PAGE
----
-Shared that she accidentally injected herself with the EpiPen Jr. while training another adult. "It was the best thing that I did," she confided, because she got to experience the side effects firsthand. Connie explained that she could feel her heart racing a bit but thought it was just the adrenaline rush of realizing her mistake. After about an hour, she could hardly keep her eyes open. The combined symptoms were mild and short-lived and she would not hesitant to administer the medicine to her daughter at the first signs of any reaction.
Brian, dad of a child with milk allergy and Celiac's Disease:
-Encourages parents to talk about their child's food allergies at Back To School Night (with the teacher's consent)
-Ask parents to contact you if/when they are going to bring in a class treat so that you may suggest or bring in a safe alternative for your child. Assure classmates' parents that you are not asking that their family bans foods from school.
Shawn Wells, Bollinger Canyon Elementary principal:
-Has worked with a dedicated group of parents to create an allergy-friendly community at her elementary school
-Open communication between parents, principal, nurse, and teacher is critical for creating a safe and inclusive environment for children with food allergies
-Bollinger Canyon introduced an allergy pals table. Kids are free to eat there if they do not have any of the allergens in their lunch. The table was monitored by a paid staff person. Those who have finished eating any offending allergens may move to the table only if they have washed their hands and wiped their mouths. While being free of unsafe foods, a big draw of this table is that friends across grades or from different classes may choose to sit here as long as their lunches are safe.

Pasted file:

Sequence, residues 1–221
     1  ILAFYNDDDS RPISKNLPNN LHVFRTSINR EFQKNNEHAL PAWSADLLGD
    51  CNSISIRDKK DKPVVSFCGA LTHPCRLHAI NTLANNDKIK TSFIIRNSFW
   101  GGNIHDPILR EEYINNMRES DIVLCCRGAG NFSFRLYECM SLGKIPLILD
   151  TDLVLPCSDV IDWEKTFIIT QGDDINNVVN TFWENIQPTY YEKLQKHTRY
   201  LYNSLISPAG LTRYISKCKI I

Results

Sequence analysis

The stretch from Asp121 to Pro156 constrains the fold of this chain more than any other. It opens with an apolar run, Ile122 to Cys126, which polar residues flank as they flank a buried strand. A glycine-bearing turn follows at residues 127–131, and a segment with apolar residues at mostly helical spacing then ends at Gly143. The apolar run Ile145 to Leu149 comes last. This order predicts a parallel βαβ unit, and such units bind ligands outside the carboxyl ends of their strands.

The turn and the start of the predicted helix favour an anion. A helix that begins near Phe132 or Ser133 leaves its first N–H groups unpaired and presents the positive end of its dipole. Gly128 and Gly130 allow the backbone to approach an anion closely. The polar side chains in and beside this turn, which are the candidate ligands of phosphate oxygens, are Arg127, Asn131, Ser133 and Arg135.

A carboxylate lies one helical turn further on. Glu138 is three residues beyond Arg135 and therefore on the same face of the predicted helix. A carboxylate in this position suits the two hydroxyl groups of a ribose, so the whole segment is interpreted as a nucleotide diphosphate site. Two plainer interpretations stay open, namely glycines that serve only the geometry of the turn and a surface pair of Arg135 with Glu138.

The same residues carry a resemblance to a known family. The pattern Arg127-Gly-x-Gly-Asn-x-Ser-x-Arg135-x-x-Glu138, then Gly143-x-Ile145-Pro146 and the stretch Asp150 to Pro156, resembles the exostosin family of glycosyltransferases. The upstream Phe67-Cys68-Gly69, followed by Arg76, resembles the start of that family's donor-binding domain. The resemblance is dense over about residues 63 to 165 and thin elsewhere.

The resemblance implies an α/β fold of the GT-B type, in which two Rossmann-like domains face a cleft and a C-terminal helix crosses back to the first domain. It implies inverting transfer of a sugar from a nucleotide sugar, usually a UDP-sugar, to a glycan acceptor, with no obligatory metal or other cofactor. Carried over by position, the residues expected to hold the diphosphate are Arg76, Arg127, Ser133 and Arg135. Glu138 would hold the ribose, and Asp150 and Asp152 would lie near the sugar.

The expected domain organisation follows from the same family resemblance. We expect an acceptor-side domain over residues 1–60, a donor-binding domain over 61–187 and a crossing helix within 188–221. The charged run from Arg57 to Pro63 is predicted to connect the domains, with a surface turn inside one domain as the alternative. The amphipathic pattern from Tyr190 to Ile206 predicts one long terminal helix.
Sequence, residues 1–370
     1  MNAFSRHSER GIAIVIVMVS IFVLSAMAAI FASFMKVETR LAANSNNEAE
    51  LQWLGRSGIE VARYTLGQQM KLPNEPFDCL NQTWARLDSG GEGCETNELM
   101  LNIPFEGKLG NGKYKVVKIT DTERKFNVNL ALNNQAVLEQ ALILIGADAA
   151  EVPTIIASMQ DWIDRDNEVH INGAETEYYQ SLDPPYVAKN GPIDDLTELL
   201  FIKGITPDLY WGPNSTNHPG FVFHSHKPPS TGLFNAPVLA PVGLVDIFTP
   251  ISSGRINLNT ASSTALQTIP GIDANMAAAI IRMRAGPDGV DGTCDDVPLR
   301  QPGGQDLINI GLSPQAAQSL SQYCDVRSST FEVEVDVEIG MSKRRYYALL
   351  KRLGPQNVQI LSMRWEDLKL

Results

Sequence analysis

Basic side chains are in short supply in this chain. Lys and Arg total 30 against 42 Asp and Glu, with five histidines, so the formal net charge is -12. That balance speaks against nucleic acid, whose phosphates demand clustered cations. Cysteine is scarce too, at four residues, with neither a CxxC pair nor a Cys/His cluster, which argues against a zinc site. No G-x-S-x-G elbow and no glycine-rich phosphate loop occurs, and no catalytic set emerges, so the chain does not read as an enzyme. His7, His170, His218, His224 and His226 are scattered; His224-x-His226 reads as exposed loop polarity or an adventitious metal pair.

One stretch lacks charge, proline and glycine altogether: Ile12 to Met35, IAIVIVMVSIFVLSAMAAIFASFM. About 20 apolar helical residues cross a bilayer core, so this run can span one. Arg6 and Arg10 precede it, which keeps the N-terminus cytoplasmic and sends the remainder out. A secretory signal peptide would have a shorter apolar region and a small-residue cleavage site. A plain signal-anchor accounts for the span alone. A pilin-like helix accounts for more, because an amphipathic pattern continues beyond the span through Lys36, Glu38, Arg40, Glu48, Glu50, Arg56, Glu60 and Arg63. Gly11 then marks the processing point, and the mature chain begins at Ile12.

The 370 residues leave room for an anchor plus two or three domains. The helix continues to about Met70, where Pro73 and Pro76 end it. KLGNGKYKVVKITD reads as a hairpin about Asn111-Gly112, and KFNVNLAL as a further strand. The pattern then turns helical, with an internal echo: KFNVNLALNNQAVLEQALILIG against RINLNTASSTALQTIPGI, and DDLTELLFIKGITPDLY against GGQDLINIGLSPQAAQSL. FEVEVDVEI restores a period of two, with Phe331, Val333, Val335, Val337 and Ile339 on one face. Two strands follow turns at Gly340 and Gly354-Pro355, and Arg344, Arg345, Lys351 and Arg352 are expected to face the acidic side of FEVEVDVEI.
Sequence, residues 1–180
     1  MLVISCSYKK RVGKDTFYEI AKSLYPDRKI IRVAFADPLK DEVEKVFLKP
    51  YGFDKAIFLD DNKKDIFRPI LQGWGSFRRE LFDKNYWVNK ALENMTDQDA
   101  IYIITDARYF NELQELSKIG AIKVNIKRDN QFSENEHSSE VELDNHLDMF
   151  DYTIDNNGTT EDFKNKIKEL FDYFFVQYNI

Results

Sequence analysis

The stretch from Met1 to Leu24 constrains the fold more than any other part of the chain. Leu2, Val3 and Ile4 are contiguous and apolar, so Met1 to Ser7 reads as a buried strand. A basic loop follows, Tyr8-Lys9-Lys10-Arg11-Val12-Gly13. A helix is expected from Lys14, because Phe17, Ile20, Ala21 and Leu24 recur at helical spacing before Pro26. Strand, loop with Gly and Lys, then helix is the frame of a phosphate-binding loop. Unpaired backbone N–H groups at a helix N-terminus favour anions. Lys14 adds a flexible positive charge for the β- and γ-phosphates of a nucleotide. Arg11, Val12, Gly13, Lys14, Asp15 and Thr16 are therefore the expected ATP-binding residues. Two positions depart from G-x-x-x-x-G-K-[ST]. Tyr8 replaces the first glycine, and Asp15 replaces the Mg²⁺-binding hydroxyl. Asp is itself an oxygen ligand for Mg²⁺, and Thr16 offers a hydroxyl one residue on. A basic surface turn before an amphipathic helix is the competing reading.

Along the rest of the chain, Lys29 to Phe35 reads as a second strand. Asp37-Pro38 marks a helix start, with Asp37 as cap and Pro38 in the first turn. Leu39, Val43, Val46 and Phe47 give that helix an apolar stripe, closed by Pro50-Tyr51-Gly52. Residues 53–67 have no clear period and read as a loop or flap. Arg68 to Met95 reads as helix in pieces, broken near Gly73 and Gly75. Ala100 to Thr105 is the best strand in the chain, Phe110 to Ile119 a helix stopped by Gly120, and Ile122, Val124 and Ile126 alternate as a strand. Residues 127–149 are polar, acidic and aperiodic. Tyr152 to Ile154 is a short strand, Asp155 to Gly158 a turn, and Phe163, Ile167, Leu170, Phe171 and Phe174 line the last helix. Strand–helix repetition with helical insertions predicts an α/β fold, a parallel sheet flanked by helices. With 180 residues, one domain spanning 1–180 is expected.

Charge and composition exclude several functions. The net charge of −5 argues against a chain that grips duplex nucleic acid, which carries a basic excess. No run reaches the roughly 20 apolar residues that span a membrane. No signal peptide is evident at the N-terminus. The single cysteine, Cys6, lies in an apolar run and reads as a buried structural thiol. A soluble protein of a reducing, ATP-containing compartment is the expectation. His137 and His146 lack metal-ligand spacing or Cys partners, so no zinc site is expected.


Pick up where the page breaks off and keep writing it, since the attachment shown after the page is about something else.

Julie Damgen, middle school counselor:
-Have a meeting with the middle school counselor to make sure all allergy information is passed on from your elementary school
-In San Ramon middle schools, there are some classes and electives that are food-based. Again, notify counselors ahead of time so that accommodations can be made.
Sharon Dodson, district nurse:
-Contact nurse and teachers in the weeks before the new school year begins to educate about your child's allergies, past reactions and symptoms (though keeping in mind that new symptoms may occur at any time), and protocol. School staff appreciate to know these details ahead of time so that accommodations and safety measures are in place from day one.
-All district teachers are trained on how to administer an EpiPen Jr. and EpiPen. However, a teacher has to also be willing to administer the EpiPen when needed. It is also important for staff to be trained with CPR.
Brian Hom, organizer of the Bay Area FAAN Walk and father of BJ Hom who died of anaphylaxis to peanuts:
-Echoing Dr. Lodewick's warning, Brian shared that his son BJ died of anaphylaxis without ever having any previous anaphylactic reactions. Brian wondered if a proactive district such as San Ramon was working on stocking its schools with emergency sets of EpiPen auto-injectors. Schools can take advantage of current California Ed Code 49414c and Mylan Corporation's generous offer for free EpiPen twin packs so long as they complete the paperwork and have a general prescription from a physician.